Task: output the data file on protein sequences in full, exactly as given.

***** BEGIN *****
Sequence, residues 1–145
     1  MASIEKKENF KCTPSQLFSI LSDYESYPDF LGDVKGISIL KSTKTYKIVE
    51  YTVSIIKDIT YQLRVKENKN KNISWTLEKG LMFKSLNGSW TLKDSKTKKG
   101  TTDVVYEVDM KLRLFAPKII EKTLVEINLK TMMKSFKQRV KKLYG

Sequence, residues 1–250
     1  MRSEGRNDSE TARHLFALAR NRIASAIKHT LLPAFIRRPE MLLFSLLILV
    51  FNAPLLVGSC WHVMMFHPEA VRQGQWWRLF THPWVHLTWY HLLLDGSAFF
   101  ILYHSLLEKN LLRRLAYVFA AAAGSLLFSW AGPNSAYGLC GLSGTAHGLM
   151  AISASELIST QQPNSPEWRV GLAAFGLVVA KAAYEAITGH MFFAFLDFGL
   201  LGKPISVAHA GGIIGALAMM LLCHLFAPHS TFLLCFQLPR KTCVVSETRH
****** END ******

Sequence, residues 1–145
     1  MASIEKKENF KCTPSQLFSI LSDYESYPDF LGDVKGISIL KSTKTYKIVE
    51  YTVSIIKDIT YQLRVKENKN KNISWTLEKG LMFKSLNGSW TLKDSKTKKG
   101  TTDVVYEVDM KLRLFAPKII EKTLVEINLK TMMKSFKQRV KKLYG

Sequence, residues 1–250
     1  MRSEGRNDSE TARHLFALAR NRIASAIKHT LLPAFIRRPE MLLFSLLILV
    51  FNAPLLVGSC WHVMMFHPEA VRQGQWWRLF THPWVHLTWY HLLLDGSAFF
   101  ILYHSLLEKN LLRRLAYVFA AAAGSLLFSW AGPNSAYGLC GLSGTAHGLM
   151  AISASELIST QQPNSPEWRV GLAAFGLVVA KAAYEAITGH MFFAFLDFGL
   201  LGKPISVAHA GGIIGALAMM LLCHLFAPHS TFLLCFQLPR KTCVVSETRH